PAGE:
In sexual assault cases, accurately identifying the perpetrator can come with difficulties due to the complicated nature of human memory and the processes used for eyewitness identification

Memory and Eyewitness Identification

The reliability of an eyewitness’ memory can be compromised by stress, trauma, and other influences. Studies suggest that while there may be confidence in a recollection, sometimes the accuracy of memories is not 100% factual. In other words, the victim of a sexual assault may be a credible witness (i.e., believable), but not reliable (i.e., inaccurate). The act of trying to recognize a potential perpetrator from a lineup for example, relies heavily on the retrieval of stored memories, which can be a complex process and vulnerable to many errors.

  • Factors affecting memory recall:
    • Stress level at the time of the incident.
    • Length of time since the incident occurred.
    • Subtle cues and suggestions during recall attempts.

Challenges in Identification Procedures for Sexual Assault

When one may be asked to identify the accused through legal proceedings, there are a variety of factors that can influence the outcome. The manner in which identification procedures are conducted can minimize the risk of mistaken identity. Lineups must be created carefully and follow established protocols, ensuring that all individuals resemble the initial description provided to avoid any misidentification.

Additionally, procedures must adhere to evidence based recommendations. This involves “blind administration”, where the officer conducting the lineup doesn’t know the suspect, and recording the confidence statement from you at the time of the identification, which provides important information on the reliability of the identification.

Correcting Errors in Witness Identification

Experts in eyewitness identification are often involved in the legal process to educate judges and juries about the factors that can affect the accuracy of eyewitness testimony. This is reinforced by policing practice that includes adopting stricter lineup procedures and the use of video recorded identifications to ensure transparency and accountability.

  • Best Practices for Lineups: Implement double blind lineup procedures where the officer conducting the lineup does not know the suspect.
  • Video Recording: Mandatory video recording of the identification process to capture the initial response of the witness.

Impact of Mistaken Identity on Legal Outcomes

In sexual assault cases, mistaken identity can significantly affect the outcome of the case, leading to wrongful convictions and challenging appeals. 

Wrongful Convictions and Appeals

If an individual is falsely accused due to mistaken identity, the court may wrongfully convict, resulting in a miscarriage of justice. In Canada, wrongful convictions are not just a hypothetical risk; it has happened in many documented cases in the past and will continue to happen in the future, leading to devastating consequences. The National Registry of Exonerations has proven and documented cases where individuals were wrongfully convicted of crimes they did not commit. It is no consolation for a wrongfully convicted accused to be found innocent after spending 20 years in jail.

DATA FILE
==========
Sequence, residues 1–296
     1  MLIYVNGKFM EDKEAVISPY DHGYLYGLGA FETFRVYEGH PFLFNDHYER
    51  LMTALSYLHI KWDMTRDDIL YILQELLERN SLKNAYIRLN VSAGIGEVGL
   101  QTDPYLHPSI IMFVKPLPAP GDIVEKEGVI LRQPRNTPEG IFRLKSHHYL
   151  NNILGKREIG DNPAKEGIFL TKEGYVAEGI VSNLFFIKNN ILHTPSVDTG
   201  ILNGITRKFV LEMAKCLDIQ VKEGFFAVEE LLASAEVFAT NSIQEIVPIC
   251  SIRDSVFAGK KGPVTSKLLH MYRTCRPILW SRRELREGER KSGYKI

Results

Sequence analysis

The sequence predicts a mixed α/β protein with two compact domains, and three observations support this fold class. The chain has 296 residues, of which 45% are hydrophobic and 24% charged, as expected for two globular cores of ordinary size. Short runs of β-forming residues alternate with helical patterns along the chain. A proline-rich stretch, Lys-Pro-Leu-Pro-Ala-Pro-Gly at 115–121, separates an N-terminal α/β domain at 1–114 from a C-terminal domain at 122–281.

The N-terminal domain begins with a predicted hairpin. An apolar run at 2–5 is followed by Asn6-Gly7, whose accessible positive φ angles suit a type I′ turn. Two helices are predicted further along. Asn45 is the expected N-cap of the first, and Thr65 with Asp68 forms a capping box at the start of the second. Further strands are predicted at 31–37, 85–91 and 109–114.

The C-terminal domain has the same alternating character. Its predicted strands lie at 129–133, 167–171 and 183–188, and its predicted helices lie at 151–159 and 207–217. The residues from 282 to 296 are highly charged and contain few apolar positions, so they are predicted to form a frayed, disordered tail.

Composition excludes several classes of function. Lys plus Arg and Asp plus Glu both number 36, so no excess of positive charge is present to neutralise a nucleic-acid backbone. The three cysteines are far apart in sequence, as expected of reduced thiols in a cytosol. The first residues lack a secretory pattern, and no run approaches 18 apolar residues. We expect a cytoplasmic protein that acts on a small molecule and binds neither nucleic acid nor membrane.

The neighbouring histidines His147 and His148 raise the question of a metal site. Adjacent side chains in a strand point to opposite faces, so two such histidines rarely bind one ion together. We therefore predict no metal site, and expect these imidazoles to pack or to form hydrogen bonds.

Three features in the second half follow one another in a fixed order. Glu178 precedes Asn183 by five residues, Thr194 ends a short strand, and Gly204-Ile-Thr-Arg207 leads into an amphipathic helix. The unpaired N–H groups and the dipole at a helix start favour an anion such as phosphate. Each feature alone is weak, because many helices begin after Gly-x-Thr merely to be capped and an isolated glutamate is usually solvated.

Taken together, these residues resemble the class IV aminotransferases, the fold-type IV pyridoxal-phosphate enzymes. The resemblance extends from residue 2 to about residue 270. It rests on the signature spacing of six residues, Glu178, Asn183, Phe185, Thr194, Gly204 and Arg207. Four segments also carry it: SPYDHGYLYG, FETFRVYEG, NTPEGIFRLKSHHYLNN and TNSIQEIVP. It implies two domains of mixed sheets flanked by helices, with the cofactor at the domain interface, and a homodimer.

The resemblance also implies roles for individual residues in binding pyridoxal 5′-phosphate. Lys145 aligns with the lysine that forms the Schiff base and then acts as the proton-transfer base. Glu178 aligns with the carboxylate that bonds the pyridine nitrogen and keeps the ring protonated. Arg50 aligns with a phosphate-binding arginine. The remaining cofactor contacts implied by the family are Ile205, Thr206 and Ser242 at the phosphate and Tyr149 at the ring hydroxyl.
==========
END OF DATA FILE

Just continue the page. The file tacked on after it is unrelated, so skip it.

Upon recognition of a possible wrongful conviction, you have the right to appeal. Post-conviction appeals based on new evidence, such as DNA evidence, or witnesses who recant their sworn evidence from your trial, or fresh evidence that points to innocence, all play an important role. However, navigating the appeal process can be complicated and requires a deep understanding of legal precedents and procedural requirements.

Frequently Asked Questions

A ‘mistake of fact‘ can serve as a defence in sexual assault allegations if you genuinely and reasonably believed that the complainant had given consent.

To argue a ‘mistaken belief in consent,’ your lawyer must demonstrate that you possessed a sincere belief that the complainant consented at the time of the incident. This also involves an objective evaluation by a judge or jury to examine the circumstances surrounding your belief, focusing on the reasonableness of your subjective belief. In other words, your lawyer will try to convince a judge or jury that your honest but mistaken belief in consent was justifiable in the given circumstances of your case. 

If you successfully lead an ‘honest but mistaken belief’ in communicated consent defence at your trial, it may result in an acquittal. The court will need to consider whether you took reasonable steps to ascertain consent and whether your mistaken belief was honestly held and was reasonable.

The honest but mistaken belief in consent defence has limitations. You cannot claim this defence if it was based on self-induced intoxication, recklessness, willful blindness, or if no reasonable steps were taken to ascertain consent. It is also not applicable when the law prescribes a need for expressed consent or when dealing with individuals below the age of consent or with cognitive disabilities.